By Noel Poyo
November 6, 2017 at 5:00 am ET
On Thursday, President Donald Trump nominated Jerome “Jay” Powell to serve as the next chair of the board of governors of the Federal Reserve. This will be the most consequential economic decision of the Trump presidency, and it contrasts sharply with many of this president’s obviously poor choices in many areas.
Powell has served on the board of governors since 2012. He is an accomplished lawyer, businessman and economic policymaker who is often viewed as a no-drama voice of moderation and caution. Powell is known for his studious approach to his work at the Fed, examining volumes of data and listening carefully to advice before drawing conclusions.
If that sounds boring, then you’re getting a sense of why he might be a good chair. It was reported that the president’s short list included individuals who would have represented a radical shift in approach at the Fed. Potentially disastrous picks – but not boring.
Powell has big shoes to fill. Janet Yellen has been widely lauded for her performance as the Fed chair and for her ability to look beyond economic orthodoxy to steer the country through a difficult post-recession recovery. Former Fed Vice Chair Stanley Fischer described her in an interview as “a steady hand.”
Yellen’s greatest strength, however, may be her capacity to communicate in clear and compassionate ways about how complex economic policy impacts the American people. Powell’s greatest challenge may be adapting from his current behind-the-scenes role to becoming the communicator-in-chief for the Fed. His evolution will shape whether we ultimately view the Powell nomination as merely dodging a bullet, or whether we see him as strong leader in his own right.
Interestingly, the Powell nomination puts Yellen right back at center stage. Outgoing Fed chairs do not typically stay on the board of governors, but it is a curiosity of the Fed structure that the chair technically has two different appointments – a four-year term as chair and a concurrent 14-year term as a governor. Yellen can stay on as a governor if she so chooses.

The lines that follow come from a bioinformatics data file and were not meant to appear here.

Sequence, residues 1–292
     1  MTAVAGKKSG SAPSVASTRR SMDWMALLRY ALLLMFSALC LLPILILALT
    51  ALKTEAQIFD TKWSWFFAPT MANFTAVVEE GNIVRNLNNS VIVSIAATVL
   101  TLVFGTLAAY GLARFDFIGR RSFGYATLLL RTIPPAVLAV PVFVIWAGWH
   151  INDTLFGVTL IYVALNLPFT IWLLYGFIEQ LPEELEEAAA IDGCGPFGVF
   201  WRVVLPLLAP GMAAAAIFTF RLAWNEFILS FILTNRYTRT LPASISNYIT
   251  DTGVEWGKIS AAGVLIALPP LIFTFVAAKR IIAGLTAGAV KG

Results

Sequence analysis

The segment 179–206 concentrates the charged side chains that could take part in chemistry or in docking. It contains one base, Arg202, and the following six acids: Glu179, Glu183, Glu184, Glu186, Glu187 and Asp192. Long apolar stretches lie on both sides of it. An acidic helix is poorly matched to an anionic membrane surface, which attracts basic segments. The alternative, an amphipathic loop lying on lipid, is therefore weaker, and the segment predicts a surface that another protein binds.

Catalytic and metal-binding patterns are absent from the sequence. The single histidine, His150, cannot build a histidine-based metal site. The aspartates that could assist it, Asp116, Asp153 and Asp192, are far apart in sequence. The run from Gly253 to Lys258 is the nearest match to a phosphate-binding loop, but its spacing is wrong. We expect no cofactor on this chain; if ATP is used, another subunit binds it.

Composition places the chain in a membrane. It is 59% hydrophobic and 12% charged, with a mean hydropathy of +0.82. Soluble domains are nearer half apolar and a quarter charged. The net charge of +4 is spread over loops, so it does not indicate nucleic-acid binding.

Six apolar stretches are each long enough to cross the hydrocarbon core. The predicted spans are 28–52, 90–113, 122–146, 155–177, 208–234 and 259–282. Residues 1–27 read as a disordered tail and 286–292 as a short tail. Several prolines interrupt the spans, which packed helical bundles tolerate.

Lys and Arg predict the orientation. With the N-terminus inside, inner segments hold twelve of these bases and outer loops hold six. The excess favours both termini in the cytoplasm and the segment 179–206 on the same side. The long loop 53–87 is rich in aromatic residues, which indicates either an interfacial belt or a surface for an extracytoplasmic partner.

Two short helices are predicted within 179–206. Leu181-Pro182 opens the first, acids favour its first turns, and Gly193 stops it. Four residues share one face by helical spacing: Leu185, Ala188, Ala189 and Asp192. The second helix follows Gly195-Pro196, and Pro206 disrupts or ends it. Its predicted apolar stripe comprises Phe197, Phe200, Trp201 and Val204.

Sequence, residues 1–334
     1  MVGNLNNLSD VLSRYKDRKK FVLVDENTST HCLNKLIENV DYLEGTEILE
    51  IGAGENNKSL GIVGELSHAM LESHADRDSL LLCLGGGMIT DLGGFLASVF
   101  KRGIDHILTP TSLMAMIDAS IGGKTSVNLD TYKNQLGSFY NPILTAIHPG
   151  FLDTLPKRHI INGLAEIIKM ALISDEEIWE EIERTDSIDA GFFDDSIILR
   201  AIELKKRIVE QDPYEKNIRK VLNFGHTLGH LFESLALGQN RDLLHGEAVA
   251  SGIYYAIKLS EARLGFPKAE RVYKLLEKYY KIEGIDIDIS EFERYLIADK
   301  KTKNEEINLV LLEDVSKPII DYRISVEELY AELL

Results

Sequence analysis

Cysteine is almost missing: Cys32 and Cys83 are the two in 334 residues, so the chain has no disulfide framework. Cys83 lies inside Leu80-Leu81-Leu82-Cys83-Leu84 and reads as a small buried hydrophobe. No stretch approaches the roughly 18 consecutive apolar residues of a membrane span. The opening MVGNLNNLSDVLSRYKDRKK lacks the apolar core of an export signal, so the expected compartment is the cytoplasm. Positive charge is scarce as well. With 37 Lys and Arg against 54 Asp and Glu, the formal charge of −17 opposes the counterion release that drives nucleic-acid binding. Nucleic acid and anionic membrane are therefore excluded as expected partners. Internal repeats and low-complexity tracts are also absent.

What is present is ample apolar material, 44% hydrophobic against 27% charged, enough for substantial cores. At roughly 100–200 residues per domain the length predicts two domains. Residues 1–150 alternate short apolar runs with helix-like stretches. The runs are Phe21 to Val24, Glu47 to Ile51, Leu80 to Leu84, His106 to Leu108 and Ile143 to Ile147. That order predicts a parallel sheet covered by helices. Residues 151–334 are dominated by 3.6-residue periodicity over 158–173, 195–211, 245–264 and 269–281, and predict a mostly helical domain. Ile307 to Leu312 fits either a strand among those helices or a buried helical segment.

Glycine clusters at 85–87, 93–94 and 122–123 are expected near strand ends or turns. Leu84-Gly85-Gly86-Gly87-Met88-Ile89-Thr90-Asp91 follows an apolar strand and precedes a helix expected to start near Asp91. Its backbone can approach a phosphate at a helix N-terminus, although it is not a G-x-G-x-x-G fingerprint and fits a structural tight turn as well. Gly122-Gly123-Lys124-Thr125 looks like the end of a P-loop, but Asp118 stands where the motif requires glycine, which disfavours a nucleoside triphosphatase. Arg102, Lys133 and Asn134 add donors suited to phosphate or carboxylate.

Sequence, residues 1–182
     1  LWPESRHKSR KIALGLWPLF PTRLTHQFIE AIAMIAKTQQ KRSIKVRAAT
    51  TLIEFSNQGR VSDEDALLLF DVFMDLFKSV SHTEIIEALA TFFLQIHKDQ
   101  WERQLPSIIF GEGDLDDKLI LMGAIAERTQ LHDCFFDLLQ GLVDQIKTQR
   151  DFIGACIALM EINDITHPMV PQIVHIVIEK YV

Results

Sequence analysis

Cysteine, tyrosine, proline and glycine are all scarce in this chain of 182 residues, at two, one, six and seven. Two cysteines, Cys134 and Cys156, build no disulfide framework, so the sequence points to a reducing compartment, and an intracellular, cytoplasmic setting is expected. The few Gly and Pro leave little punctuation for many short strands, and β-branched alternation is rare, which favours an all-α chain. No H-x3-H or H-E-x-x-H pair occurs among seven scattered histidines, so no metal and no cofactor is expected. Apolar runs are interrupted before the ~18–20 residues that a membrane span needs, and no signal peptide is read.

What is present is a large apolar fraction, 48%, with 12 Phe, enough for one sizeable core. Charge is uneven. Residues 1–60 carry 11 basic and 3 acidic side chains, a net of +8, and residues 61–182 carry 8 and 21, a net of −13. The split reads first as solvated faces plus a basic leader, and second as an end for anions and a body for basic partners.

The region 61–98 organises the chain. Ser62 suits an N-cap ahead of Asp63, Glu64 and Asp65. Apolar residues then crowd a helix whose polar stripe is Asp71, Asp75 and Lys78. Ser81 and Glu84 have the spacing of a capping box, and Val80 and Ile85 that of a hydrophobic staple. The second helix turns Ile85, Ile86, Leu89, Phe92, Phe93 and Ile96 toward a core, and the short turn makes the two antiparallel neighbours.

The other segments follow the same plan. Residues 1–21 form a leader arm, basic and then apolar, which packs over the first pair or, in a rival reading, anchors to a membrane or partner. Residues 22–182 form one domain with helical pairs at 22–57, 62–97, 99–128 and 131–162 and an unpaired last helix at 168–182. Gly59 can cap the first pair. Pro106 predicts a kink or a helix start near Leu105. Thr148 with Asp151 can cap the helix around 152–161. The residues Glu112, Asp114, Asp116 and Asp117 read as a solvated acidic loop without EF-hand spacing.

While others on the Trump short list might have tried to marginalize Yellen, making it very difficult for such an accomplished economist to remain, her established working relationship with Powell suggests that she could continue to play a very important role at the Fed.
This is similarly true for Fed Gov. Lael Brainard. If both women left the Fed’s board, Trump would be in a position to select six out of the seven sitting governors – a level of influence rarely wielded by a single president over the Fed in such a short period of time.
Randal Quarles was the first Trump nominee to be confirmed to the Fed, and three other seats remain vacant on the seven-member board of governors. As additional Trump nominees are confirmed to the open seats, it will become increasingly challenging for Powell to build consensus among governors for his own policy vision.
If Powell seeks to pursue a middle way, Yellen and Brainard could bring crucial balance. Powell’s ability to be his own man as Fed chair may very well rely on persuading two women, who have a lot of other options, to remain as governors.
Noel Poyo is executive director of the National Association for Latino Community Asset Builders.
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